The same demands were also addressed to private media houses, but with the additional recommendation that they step up recruitment of journalists from marginalised communities, give them fellowships, and ensure parity in pay and other service conditions. The organisers also announced an award for dalit and adivasi journalists in the name of Nagaraju Koppula.

  • Bankimchandra Desai

    No reservation in unjustified behaviour :

    Media Studies Group ,The Justice for Dalit Journalist Nagaraju Koppula Campaign revealed that 71% of media jobs in India are held by upper caste males who make up just 8% of the country’s population and there is not even a single adivasi or dalit journalist among some 300 identified ‘decision-makers’ in the media. In 2013, senior Journalist Ajaz Ashraf was able to find only 20 journalists who were dalit and willing to talk about their experiences. No wonder that adivasi, dalit and minority issues don’t get the coverage they deserve, or get portrayed in the way they do.

    That may be true for mainstream English media.

    i do not have the first hand knowledge about other states . i speak about what is prevalent in Gujarat & Gujarati media in general.Dalits are not backward in numbers ! Few of them are resident editors. Many are sub editors. Reporters are many. Countable number is owner of news papers. i will not name them.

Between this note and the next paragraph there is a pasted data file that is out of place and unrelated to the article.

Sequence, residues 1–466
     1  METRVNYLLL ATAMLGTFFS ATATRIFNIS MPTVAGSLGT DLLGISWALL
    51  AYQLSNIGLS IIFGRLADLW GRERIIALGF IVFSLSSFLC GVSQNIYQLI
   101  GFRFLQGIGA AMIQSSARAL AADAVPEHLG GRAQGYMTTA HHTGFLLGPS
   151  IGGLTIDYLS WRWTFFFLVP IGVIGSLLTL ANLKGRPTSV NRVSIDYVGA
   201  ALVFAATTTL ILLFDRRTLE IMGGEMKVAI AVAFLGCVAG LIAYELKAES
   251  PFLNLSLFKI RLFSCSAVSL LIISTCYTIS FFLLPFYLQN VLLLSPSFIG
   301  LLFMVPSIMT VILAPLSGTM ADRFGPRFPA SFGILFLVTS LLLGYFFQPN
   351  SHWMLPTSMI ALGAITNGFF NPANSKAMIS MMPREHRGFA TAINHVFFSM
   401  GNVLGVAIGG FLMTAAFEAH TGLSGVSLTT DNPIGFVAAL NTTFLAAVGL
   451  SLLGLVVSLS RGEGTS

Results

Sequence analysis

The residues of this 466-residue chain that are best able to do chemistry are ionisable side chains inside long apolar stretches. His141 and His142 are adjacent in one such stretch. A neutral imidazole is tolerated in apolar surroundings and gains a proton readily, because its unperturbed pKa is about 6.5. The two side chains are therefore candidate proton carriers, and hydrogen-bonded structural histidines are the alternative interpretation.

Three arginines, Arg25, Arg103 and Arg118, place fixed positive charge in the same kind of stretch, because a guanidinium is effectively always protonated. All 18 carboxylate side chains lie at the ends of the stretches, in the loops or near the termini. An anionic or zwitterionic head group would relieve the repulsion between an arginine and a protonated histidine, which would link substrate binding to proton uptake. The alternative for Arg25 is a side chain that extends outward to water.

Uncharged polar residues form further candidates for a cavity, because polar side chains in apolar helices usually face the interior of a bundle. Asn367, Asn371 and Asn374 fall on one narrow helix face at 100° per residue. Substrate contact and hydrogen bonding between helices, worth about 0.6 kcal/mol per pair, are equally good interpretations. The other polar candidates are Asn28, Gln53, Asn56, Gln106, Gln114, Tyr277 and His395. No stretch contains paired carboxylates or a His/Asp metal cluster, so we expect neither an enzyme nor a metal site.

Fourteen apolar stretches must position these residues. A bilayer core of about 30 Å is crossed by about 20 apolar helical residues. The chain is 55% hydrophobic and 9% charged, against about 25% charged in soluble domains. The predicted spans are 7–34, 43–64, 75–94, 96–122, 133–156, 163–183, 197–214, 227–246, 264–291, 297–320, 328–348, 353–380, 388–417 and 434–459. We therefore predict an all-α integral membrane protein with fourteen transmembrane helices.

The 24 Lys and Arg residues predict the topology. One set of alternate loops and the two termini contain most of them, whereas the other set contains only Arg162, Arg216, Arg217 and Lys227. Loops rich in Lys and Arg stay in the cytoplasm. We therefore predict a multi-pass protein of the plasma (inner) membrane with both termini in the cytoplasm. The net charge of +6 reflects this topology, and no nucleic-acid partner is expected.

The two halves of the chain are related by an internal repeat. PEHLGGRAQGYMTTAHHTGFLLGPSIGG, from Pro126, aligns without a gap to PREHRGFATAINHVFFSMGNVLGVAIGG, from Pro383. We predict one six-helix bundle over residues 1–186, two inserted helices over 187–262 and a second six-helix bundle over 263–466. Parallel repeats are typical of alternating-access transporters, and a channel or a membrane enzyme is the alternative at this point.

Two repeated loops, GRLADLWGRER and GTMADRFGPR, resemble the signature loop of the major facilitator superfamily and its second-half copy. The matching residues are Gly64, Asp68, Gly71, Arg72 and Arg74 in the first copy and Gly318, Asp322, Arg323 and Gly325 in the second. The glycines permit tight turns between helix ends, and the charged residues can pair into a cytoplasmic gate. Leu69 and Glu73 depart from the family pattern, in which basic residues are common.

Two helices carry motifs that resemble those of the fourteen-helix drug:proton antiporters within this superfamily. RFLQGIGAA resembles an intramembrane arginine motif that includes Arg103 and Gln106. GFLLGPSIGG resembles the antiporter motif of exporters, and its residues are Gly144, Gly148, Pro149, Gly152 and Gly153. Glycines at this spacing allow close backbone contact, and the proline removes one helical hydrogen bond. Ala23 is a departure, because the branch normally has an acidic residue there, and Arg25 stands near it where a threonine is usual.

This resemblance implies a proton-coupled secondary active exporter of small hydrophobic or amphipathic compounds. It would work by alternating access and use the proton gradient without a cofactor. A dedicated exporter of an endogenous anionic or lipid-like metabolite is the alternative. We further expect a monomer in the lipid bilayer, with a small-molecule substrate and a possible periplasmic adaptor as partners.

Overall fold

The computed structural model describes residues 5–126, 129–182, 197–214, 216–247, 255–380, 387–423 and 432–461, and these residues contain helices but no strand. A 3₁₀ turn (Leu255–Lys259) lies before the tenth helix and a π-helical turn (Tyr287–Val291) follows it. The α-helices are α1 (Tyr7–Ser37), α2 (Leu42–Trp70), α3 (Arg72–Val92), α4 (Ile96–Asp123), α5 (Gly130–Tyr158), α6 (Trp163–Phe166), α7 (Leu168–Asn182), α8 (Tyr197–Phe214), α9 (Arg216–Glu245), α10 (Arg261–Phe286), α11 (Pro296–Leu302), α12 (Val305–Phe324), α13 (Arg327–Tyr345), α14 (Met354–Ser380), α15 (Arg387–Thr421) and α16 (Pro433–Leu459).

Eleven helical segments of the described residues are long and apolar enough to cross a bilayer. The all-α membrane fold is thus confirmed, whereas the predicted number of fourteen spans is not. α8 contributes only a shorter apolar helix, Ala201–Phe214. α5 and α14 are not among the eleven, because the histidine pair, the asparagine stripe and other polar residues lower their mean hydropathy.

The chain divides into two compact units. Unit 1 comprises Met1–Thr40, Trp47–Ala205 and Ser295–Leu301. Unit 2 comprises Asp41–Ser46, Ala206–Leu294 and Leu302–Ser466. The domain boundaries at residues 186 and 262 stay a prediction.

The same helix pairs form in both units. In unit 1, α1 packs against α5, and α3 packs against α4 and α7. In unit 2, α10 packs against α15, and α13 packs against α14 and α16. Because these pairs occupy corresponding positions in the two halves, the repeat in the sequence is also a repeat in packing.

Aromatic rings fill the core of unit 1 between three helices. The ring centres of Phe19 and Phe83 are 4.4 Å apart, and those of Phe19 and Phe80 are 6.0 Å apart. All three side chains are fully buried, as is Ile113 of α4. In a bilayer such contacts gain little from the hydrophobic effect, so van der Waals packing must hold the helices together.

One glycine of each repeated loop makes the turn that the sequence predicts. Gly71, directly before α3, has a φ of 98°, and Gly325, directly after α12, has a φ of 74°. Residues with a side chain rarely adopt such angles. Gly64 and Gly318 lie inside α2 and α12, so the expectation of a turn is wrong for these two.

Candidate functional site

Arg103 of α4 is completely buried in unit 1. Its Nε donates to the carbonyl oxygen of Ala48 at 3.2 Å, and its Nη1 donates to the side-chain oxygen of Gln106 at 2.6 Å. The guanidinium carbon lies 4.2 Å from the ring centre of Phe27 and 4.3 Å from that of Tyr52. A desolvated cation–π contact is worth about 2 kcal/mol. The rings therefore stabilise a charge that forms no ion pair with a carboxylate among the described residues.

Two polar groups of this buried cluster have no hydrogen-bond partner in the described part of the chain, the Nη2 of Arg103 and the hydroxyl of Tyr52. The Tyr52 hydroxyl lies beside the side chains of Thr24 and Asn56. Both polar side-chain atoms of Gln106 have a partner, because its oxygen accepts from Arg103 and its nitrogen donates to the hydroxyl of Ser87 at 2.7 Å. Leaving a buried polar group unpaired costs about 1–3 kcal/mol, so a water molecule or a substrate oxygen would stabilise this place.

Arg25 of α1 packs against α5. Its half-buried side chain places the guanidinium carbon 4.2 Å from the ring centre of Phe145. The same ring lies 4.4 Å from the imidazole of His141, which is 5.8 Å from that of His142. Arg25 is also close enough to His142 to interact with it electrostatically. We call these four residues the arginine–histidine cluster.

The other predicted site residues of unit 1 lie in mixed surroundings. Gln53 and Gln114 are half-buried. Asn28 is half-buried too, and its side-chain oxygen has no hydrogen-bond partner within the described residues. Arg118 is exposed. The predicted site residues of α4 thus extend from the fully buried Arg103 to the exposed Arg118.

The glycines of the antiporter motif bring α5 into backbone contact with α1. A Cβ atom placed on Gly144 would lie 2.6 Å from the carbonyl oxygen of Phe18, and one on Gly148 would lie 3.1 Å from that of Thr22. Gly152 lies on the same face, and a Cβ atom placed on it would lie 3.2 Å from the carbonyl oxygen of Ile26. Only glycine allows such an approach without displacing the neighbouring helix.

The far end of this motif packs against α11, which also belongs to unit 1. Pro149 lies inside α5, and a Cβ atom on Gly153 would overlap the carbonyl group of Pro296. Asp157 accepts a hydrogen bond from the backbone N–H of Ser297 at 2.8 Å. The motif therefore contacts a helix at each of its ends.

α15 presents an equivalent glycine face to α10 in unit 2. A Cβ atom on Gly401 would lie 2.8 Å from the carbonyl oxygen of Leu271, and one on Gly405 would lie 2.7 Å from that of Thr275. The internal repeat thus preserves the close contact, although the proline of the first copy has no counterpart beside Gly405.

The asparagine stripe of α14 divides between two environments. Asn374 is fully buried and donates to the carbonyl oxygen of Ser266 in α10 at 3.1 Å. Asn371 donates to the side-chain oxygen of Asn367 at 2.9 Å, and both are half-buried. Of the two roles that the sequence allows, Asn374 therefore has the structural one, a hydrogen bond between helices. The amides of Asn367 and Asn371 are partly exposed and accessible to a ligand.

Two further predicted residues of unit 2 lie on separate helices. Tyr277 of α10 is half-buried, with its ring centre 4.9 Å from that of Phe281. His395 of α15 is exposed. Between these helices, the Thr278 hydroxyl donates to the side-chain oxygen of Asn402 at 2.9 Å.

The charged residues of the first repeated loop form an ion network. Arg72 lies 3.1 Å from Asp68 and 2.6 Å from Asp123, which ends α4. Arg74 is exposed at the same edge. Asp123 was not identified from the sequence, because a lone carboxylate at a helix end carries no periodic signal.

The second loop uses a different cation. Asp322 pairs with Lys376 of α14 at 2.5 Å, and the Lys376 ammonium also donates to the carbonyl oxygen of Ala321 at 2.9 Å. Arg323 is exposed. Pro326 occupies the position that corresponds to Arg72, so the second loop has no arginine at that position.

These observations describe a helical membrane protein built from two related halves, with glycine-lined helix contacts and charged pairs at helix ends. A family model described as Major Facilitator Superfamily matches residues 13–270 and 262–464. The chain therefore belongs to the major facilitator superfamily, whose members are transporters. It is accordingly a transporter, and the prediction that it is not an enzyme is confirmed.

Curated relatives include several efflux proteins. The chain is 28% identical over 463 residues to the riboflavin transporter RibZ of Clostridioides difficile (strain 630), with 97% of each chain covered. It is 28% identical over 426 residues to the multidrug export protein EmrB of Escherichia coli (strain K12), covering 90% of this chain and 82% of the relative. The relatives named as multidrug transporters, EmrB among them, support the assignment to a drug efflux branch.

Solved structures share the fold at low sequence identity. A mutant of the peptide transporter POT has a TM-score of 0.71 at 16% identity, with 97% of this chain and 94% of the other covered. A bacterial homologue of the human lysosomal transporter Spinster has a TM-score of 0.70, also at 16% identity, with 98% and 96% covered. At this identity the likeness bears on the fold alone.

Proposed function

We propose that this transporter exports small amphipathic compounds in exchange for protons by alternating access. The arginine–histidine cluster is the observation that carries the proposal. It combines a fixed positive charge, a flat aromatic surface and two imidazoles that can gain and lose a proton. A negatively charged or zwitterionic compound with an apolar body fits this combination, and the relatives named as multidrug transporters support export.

Gujarat may be a den for anti-reservation activists but pro-reservation proprietors match them well.

    Contract System is everywhere. i was a member of IFWJ when Vikram Rao was its president/ secretary. The things have gone from bad to worse and worse to worst.Journalists , dalit or otherwise can not sustain from a threat of losing a job. i witnessed it recently in Gujarat. hard core critics of a media group would not hesitate to join the same for MONEY thus sacrificing a fellow journalist’s job.

    Hypocrisy is the best virtue of Journalism & journalists. That is the fact of the day .

    There are many cases like Nagaraju Koppula. Being a medical doctor i vouch that non dalit journalists have same experiences.

    there is no reservation as far as unjustified behaviour of proprietors is concerned. Majority of them die unsung.

  • vsharsh

    It’s not just that we need heterogeneity of caste in mainstream English media. It has far too long been a reserve of elite and supposedly liberal sections of the society. There should be a better mix of voices, including caste, economic status and region.